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Former CNRP adviser Kong Korm to testify in Kem Sokha court date

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Former CNRP top adviser Kong Korm during an interview with The Post last year. Heng Chivoan

Former CNRP adviser Kong Korm to testify in Kem Sokha court date

FORMER politician Kong Korm said he is willing to appear before Phnom Penh Municipal Court to testify in relation to the treason charge facing Kem Sokha, president of the banned opposition Cambodia National Rescue Party (CNRP).

Korm, a former top adviser to the Supreme Court-dissolved CNRP, said he received a court summons on Friday calling for him to appear at court on January 23 as a witness in Sokha’s case, in which he is charged with “conspiring with a foreign power to overthrow the government”.

“As a citizen and someone who used to be involved in activities with Kem Sokha, I won’t hesitate to accept any call to clarify matters in front of the investigating judge,” Korm said on Monday.

Sokha, a co-founder of the CNRP with Sam Rainsy, was arrested at midnight on September 2, 2017, and charged with treason according to Article 443 of the Criminal Code.

He faces between 15 and 30 years in prison if found guilty.

Two months later, his party was dissolved by the Supreme Court, with 118 of its senior officials banned from politics for five years.

Korm said he had been with the CNRP since 2012 when two main opposition parties – Sokha’s Human Rights Party and his Sam Rainsy Party – merged to compete in the 2013 national election as the CNRP.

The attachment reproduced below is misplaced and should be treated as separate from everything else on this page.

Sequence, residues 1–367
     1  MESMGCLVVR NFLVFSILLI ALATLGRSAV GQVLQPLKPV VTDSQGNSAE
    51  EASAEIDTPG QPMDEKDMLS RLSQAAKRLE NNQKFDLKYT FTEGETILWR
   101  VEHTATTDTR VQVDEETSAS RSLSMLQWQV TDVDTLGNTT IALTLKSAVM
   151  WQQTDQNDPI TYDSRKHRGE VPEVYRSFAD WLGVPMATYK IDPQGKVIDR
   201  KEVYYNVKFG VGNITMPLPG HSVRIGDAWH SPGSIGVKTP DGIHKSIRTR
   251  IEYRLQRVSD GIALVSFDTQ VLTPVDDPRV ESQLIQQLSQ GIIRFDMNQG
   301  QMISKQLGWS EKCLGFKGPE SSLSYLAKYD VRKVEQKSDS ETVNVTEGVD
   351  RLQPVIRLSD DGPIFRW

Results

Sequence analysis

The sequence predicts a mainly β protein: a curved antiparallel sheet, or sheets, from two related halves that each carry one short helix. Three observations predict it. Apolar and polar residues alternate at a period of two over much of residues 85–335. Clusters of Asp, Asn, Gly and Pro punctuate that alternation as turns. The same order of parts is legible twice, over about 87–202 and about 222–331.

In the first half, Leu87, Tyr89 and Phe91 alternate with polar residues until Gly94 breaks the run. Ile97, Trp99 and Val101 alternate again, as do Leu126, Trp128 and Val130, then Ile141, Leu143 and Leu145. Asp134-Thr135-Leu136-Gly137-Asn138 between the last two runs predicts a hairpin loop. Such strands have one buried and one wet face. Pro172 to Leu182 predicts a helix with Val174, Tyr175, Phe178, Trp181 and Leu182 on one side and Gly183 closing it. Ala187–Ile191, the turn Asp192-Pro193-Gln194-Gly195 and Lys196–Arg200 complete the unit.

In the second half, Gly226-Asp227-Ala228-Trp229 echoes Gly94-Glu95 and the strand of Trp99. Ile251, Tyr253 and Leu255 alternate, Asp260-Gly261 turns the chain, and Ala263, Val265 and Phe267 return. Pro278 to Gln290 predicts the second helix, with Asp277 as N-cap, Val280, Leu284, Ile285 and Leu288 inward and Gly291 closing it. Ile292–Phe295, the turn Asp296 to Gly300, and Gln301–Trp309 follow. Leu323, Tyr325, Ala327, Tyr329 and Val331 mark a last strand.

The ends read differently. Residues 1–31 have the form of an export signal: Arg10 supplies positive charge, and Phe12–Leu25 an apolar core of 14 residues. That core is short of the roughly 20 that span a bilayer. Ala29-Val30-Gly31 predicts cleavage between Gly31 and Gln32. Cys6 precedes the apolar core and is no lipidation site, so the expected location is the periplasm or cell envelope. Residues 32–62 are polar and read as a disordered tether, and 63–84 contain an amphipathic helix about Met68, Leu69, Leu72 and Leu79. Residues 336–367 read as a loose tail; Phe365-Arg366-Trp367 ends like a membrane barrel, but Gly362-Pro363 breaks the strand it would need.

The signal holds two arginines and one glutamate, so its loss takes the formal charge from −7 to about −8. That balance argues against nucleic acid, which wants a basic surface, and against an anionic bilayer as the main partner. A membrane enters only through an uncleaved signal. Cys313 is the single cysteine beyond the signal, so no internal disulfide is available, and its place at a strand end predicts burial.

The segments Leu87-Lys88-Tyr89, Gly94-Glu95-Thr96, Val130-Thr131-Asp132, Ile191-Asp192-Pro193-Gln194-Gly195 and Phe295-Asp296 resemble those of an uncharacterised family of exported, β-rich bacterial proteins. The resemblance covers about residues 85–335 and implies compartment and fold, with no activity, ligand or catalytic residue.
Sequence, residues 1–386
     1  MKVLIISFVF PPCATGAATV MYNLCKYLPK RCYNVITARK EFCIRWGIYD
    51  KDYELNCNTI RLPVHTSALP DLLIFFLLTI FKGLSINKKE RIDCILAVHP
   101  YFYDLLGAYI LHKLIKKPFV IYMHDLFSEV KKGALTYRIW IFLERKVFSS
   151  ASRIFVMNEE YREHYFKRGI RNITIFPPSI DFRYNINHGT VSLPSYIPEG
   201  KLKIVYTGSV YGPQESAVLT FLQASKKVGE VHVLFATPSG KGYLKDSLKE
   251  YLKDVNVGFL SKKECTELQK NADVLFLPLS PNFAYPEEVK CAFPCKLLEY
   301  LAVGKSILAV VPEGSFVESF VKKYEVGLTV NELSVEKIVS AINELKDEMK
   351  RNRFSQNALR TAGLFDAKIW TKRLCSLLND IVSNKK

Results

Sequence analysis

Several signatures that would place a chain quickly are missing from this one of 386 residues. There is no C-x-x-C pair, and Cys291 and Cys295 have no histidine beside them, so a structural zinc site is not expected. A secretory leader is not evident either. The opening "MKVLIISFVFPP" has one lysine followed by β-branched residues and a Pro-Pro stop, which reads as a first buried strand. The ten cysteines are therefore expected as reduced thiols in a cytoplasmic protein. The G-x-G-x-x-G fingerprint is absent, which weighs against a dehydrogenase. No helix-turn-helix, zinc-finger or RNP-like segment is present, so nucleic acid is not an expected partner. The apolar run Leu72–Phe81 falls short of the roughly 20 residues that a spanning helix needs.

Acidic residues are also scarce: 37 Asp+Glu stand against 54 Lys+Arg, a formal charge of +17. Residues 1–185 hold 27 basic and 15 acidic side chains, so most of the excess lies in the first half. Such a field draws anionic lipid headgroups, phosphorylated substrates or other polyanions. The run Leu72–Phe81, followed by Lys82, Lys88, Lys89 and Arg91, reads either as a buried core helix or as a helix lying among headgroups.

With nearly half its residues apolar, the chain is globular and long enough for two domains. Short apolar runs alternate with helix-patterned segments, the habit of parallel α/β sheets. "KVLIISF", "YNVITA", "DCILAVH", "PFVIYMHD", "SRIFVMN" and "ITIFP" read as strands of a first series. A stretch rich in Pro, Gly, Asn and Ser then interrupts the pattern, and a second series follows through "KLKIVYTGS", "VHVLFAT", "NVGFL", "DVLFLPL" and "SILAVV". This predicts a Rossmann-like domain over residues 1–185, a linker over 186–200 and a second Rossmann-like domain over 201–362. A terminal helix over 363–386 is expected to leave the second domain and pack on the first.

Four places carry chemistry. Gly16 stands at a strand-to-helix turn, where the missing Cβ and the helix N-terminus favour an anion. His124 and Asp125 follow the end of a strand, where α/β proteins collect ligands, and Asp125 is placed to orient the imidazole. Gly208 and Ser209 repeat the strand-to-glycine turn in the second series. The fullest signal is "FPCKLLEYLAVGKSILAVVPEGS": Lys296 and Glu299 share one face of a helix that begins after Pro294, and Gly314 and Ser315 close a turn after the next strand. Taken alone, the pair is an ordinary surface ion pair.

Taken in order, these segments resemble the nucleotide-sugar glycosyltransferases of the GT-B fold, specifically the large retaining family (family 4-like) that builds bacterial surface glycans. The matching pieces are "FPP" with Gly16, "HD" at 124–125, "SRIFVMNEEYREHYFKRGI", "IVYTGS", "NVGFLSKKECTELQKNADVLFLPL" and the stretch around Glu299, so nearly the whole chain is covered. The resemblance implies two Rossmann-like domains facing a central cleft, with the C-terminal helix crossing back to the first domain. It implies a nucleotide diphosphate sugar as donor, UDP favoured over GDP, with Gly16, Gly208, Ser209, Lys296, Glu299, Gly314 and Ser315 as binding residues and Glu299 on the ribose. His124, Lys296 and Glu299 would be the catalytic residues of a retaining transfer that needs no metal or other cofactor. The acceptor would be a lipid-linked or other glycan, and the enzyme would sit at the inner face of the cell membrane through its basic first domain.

The merger resulted in the new opposition party winning 55 of the 123 seats in the National Assembly.

“I know some things [regarding the case] but not much. So what I know I will tell the investigating judge in order that he can have complete information to help the court provide justice for the charged person. I don’t know what the judge will ask me."

“As a witness, I will clarify what I know. I am sure that I am not the one who would add burden [to Sokha] or relieve the burden from him. Those who [may do so] are the lawyers on both sides. I will not invent or perjure what I know,” he said.

Phan Chansak, one of Sokha’s four defence lawyers, said that as a lawyer in the case, he was not allowed to comment on witnesses called by the investigating judge.

“Co-lawyers cannot comment on witnesses because this is an ongoing investigation to complete any lack of information as required by the prosecutor,” he said.

Chansak said Kong Korm was not a member of the CNRP but a former acting president of the Sam Rainsy Party, which changed its name to the Candlelight Party after the merger.

So far, around 10 witnesses had been called for questioning.

The case’s Investigating Judge Ky Rithy and a municipal court spokesperson did not respond to questions from The Post.

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